While I have seen a lot more interest from borrowers in the ten-year fixed-rate mortgage recently, most are still opting for a five-year fixed rate when push comes to shove. I can understand why. Choosing a ten-year option guarantees that you will be paying a higher interest rate for the first five years and you can’t be certain that you will recover that cost over the next five-year period. It’s only when you start to think of that additional rate premium as rate insurance that the decision becomes more palatable.
Here are three other important points about the ten-year fixed-rate option to factor into your decision:
- Buyers who are stretching their budgets to afford a home today are particularly vulnerable to higher rates five years hence. Locking in a ten-year rate immunizes this higher-risk group from interest-rate risk for a decade. (While choosing a ten-year fixed rate may well end up producing your lowest cost of interest, it is first and foremost a defensive move to protect against disaster.)
- If house prices are lower five years from now, highly leveraged borrowers could find themselves having to come up with extra money in order to renew their five-year mortgage. While it is rare for lenders to request appraisals from their renewing clients today, that could certainly change if house prices drop.
- It is true that breaking a ten-year fixed-rate mortgage in the first five years of your term would trigger a huge prepayment penalty, but lenders can only charge a penalty of three months’ interest after you pass your fifth anniversary date. Think of a ten-year fixed-rate mortgage as a five-year fixed-rate mortgage that comes with an option to keep your rate for up to five additional years, and if you choose not to fully exercise this option the cost is a three month interest penalty.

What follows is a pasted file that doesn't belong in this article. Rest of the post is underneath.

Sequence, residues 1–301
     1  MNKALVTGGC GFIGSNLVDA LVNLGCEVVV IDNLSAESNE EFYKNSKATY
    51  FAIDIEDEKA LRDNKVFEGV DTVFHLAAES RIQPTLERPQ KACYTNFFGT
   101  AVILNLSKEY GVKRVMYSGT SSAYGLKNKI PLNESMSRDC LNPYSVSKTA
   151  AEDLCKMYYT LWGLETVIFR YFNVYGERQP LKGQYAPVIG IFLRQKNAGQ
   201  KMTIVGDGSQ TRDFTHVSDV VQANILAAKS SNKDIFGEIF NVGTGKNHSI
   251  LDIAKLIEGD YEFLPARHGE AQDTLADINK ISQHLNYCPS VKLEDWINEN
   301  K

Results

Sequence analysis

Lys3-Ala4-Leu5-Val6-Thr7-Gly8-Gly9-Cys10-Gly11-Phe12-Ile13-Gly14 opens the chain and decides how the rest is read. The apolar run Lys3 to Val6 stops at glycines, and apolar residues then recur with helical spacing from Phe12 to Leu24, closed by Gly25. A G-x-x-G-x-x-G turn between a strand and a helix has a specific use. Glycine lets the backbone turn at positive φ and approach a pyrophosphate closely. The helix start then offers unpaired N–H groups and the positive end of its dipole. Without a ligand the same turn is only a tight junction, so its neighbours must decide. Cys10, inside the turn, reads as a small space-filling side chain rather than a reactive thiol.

I think the most important question borrowers have to ask themselves these days is whether their first priority is paying the least amount of interest or protecting against their downside risk. If you are in a comfortable financial position and can overcome economic
speed bumps like higher inflation and interest rates, reduced income, job loss and/or a drop in house prices, then I think it’s a coin toss between whether the five-year or the ten-year fixed rate mortgage will end up saving you money over the next decade. If on the other hand you have a significant amount of leverage and are generally more vulnerable to economic setbacks, then the ten-year fixed rate will give you better protection. Not to mention a better night’s sleep.
David Larock is an independent mortgage planner and industry insider specializing in helping clients purchase, refinance or renew their mortgages. David's posts appear weekly on this blog (movesmartly.com) and on his own blog integratedmortgageplanners.com/blog). Email Dave